Rise Of A "Divergent" Middle Class As The Agent Of Change In Latin America

Buenos Aires' Florida Street
Buenos Aires' Florida Street
Rolando Arellano*

- Op-Ed -

SANTIAGO — Recent findings from the World Bank and the Banco Interamericano de Desarrollo (BID) confirm that the middle class is now the majority in South America — and it will continue to grow.

Without wading into the quagmire of defining “middle class,” a dicey topic with many nuances and interpretations, it bears mentioning that middle classes are not all the same across the region. And it is important for businesses in particular to adequately understand this if they want to reach their development potential.

There are at least three Latin American “middle classes” that we will call the traditional rising middle class, the traditional declining middle class, and the diverging middle class. The first two correspond to people who have arrived into the traditional middle class, either by ascension from the lower classes or by falling from wealthier ones. The third is a new form of middle class that doesn’t follow the standards commonly identified with this demographic.

The traditional rising middle class reflects conventional patterns of increasing economic and social status. It is growing more quickly in countries that have enjoyed sustained growth in recent years, following the traditional patterns of modern development (greater industrialization, a move into globalization, respect for property rights, etc.). Chile is the exemplary case of this trend, with Mexico and Brazil exhibiting some but not all the characteristics.

This type of middle class started to increase in size between the 1960s and 1980s, and then adapted to new international conditions of economic exchange (free trade, exports, arrival of multinationals). It is, therefore, an urban, Westernized middle class, which has roots in traditional suburbs. It is a fervent guardian of the status quo, protector of property rights, and typically upholds conservative political and social ideas.

This middle class was always linked to, or in some way indirectly dependent upon, the upper classes, to which it naturally aspires. At the same time, it feels that its power and social status are threatened by new and unfamiliar migrating classes who arrive in cities, and who could eventually end up achieving economic status superior to its own. This first kind of middle class doesn’t consist of great entrepreneurs, and in terms of business in general may not be the most profitable, but rather consists of a very industrious workforce that aims to maintain a salary and raise a family with a few well-educated children.

Losing status

The declining traditional middle class is of particular interest to researchers lately in Latin America, and corresponds to those groups that formed in some countries especially around the 1950s, and now are losing strength. Examples are the middle classes coming from countries such as Argentina and Uruguay, and also Venezuela, which in recent times have been losing economic power and haven’t been able to overcome the infamous “lost decade” of Latin America.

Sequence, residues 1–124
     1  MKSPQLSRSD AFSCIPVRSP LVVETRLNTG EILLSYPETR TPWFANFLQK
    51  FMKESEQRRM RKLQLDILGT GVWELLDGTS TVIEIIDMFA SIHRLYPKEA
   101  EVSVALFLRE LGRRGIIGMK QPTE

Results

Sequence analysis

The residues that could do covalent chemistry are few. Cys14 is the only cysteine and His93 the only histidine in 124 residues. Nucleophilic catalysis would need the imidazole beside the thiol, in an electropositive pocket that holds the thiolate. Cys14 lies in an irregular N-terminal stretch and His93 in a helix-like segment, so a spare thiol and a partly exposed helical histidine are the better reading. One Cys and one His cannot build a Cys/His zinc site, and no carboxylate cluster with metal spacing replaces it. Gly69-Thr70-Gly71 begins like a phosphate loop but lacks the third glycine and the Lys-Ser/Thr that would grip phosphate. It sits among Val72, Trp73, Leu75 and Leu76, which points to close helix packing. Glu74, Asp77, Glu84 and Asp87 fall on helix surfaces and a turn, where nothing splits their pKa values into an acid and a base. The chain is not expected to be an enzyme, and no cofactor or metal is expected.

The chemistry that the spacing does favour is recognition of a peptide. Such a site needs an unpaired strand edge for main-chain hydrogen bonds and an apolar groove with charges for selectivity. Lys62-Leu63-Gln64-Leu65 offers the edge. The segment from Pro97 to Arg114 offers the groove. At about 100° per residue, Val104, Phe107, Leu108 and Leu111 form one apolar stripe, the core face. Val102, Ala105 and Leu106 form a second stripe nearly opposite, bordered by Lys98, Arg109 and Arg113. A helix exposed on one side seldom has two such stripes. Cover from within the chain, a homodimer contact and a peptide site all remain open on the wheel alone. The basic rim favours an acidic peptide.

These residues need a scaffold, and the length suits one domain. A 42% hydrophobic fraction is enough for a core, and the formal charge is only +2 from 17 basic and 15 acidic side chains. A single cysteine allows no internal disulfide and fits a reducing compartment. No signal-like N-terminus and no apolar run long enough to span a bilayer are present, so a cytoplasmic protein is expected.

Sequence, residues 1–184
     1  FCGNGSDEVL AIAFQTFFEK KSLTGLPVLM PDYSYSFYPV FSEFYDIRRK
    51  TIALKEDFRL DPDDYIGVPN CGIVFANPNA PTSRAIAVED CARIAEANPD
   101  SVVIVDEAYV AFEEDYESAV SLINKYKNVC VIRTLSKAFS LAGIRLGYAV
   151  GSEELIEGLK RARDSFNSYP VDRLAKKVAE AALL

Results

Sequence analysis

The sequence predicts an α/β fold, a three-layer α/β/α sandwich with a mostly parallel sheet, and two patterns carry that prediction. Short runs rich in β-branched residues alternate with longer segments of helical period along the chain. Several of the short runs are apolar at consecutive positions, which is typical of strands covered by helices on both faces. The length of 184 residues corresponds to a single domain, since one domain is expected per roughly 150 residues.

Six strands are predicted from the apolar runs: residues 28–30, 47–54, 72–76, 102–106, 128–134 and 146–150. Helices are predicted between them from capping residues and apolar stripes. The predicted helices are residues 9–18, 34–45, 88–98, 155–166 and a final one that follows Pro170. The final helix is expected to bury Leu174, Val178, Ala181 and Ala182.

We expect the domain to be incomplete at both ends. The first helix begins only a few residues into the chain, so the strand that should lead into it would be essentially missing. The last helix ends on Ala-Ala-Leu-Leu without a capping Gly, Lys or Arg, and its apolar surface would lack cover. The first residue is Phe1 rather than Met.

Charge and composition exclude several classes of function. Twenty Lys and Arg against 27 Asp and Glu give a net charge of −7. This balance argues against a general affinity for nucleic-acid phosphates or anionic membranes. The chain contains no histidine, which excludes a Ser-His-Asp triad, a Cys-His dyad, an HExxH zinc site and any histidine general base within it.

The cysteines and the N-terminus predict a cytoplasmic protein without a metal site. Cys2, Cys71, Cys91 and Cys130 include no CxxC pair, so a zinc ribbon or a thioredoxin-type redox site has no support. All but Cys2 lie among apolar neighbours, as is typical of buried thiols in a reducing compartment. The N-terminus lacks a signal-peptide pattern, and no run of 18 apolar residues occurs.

This class is composed mainly of employees, urban dwellers and those who live in traditional suburbs close to the upper class, to which they would have wanted to remain a part of (although today many feel betrayed by them). It is a middle class which, earlier, suitably took on the pivotal role between large industrial owners and the working class.

As they lose economic capacity and power, this portion of the middle class fears approaching the lower classes, with whom they've never identified in the past. So by contrast to their “rising” cousins, they are more prone to identify with populist political ideas or the traditional left wing. Many have been forced to migrate from small to large cities, or to another country entirely, as they feel they are losing the status which they had held for some time.

As one commentator points out in Argentina, for example, “To stop being middle class virtually means to cease to be at all.”

A new model

The new diverging middle class is the new type of middle class that we would like to present. It is born of the large wave of migration from the countryside to cities that many Latin American countries experienced between 1960 and 2000. Its magnitude was so huge that this group now represents almost two-thirds of the population of Sao Paulo, Mexico City, Lima and other large Latin American cities.

To begin with, the members of this demographic trend were originally rejected by governments and traditional upper and middle classes. So they built their own homes and businesses, managing to create a parallel economy with its own dynamics. By now, this vast, diverging middle class has risen out of poverty, according to economic data.

But what is most interesting about these groups is that they have never been dependent on the traditional upper classes, nor do they follow their behavior as an example. In this way they created their own models of social coexistence (based on utilitarianism and practicality), their relations with the authorities (broadly liberal, a level approaching anarchism), their own codes of beauty (special architecture in their homes and businesses, the mixing and clashing of colors), and much more.

They are mostly entrepreneurs, hard workers, and to the extent that they own their own homes and businesses, be they large or small, are all strong advocates of property rights. Judging by their origins, one might assume that they are very traditional, but this is not the case. They are open to change and often import trends from elsewhere (via Internet or television) and adopt these without them passing through the “aspiring” filter of the upper classes. Evidence can be found in the music that their children listen to (a form of American-style rap and reggae, but “tropicalized” in South American countries) and the idols they follow, such as some Korean pop groups.